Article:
Pages 408 pages
Publisher Cambridge University Press
I was leading a bible study and preaching parts of Genesis, and of all the commentaries I looked at (others being WBC, NCBC, NICOT, and Interpretation), I found this commentary to consistently provide the exegetical data on the questions that I personally had and felt the congregation might have. The other commentaries are great, don't get be wrong, but didn't really focus on questions that I feel like lay people might be asking about the passages, and were more geared toward academia. The theological analysis is conservative, and on the topics it does choose to cover, it is thorough enough as a reference for checking your own exegesis. Obviously this is best used in conjunction with other commentaries to provide more depth and other commentaries might do a better job on certain verses, but if I had to choose just one Genesis commentary as I preach/teach through it, I would choose NCBC.
A very well written commentary and extremely valuable commentary on Genesis. Bill Arnold packs a tremendous amount of insight into this slender volume. He tends to find significant details in the Biblical narrative that the lay reader would tend over look. These insights often illuminate the entire narrative. I found this commentary a pleasure to read. However, this commentary cannot stand on its own. Due to space constraints in this series, this commentary serves as an excellent compliment to a more comprehensive commentary such as Wenham or Hamilton. On the other hand, because of his keen insights, your Genesis library will not be complete without it.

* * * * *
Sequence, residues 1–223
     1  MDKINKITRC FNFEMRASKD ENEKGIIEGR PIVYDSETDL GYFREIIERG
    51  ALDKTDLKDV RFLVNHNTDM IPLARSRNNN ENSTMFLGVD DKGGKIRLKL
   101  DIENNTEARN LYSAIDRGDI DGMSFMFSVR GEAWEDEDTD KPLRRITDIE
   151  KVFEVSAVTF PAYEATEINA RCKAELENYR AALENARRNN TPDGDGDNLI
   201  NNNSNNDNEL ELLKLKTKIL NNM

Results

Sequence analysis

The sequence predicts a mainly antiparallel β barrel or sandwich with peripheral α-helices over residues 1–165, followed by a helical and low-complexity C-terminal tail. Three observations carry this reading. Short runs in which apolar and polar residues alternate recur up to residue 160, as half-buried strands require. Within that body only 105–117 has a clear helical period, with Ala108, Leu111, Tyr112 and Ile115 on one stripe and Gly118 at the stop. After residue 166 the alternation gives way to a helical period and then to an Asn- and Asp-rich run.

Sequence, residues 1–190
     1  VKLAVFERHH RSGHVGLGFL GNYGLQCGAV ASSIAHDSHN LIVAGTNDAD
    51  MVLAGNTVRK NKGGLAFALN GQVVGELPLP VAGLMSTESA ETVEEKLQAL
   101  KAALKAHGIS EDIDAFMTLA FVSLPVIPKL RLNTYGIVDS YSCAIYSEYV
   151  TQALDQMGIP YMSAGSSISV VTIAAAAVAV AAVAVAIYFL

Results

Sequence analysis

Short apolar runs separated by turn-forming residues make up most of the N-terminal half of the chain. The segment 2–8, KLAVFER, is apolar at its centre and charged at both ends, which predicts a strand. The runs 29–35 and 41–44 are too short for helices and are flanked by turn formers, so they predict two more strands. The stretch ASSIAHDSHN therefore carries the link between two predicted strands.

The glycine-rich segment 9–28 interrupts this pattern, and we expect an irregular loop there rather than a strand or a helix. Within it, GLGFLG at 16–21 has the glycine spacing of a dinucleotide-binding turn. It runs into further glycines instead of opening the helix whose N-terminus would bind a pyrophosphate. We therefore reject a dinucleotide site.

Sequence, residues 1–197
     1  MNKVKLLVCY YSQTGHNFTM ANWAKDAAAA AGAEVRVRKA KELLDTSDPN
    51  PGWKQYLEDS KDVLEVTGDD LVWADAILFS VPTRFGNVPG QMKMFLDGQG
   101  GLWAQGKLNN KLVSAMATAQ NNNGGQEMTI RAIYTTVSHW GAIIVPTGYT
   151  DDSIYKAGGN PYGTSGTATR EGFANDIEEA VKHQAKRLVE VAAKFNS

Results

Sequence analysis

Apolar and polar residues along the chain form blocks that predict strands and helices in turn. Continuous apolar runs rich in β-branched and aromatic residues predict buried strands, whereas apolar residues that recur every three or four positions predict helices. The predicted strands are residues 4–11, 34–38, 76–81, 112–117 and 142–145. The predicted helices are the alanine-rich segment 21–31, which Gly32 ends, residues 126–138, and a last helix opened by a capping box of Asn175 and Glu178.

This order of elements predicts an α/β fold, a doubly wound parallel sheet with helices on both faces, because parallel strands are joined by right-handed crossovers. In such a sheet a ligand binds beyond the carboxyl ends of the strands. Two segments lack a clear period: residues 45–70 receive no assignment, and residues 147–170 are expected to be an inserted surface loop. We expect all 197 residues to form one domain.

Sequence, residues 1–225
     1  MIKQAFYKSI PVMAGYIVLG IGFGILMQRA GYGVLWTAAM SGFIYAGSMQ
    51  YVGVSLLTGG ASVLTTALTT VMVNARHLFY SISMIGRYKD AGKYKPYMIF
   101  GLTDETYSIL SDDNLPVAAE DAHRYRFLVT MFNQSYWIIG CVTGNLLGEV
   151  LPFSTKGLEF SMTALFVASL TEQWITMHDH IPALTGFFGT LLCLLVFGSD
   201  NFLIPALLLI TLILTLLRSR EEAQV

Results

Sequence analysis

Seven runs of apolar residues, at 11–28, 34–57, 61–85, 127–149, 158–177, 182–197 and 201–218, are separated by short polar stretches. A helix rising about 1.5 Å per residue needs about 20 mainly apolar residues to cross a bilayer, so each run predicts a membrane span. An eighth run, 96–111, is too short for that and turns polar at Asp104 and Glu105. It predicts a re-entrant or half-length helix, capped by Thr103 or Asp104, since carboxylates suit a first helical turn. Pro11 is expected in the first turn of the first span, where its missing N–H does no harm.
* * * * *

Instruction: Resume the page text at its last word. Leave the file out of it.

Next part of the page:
This commentary presents the reflections of a scholar who has listened closely to the Book of Genesis. His examination of the text repeatedly combines critical insight with judicious assessment of the evidence. [Full Review]
This is an eminently readable and enjoyable commentary on the book of Genesis by a scholar who is a moderate adherent of the idea that Genesis is a book that has been put together from various sources, which can be connected with historical realities, and who makes liberal use of ancient Near Eastern sources to throw light on Genesis. He makes his own point of view clear in the first chapter of his book, an “Introduction” (1–19), where he sets forth his view of the origin of the book; a condensed version of this introduction appeared on the Bible and Interpretation website: http://bibleinterp.com/articles /genesis.shtml. The section on “Literary Studies” in the second chapter, “Suggested Readings on Genesis” (20–26), is very brief, covering barely two pages, like the other sections in this chapter, but in contrast with these other sections I would have liked to see more consideration of literary issues. I think that here the author is hindered by the historical-critical tradition he is in, for while the work of several of the authors whom he mentions may not address historical issues in the text at all or in a manner that is not entirely satisfactory, they not rarely raise issues that should be addressed in any case and that receive little and sometimes no attention in this commentary. [Full Review]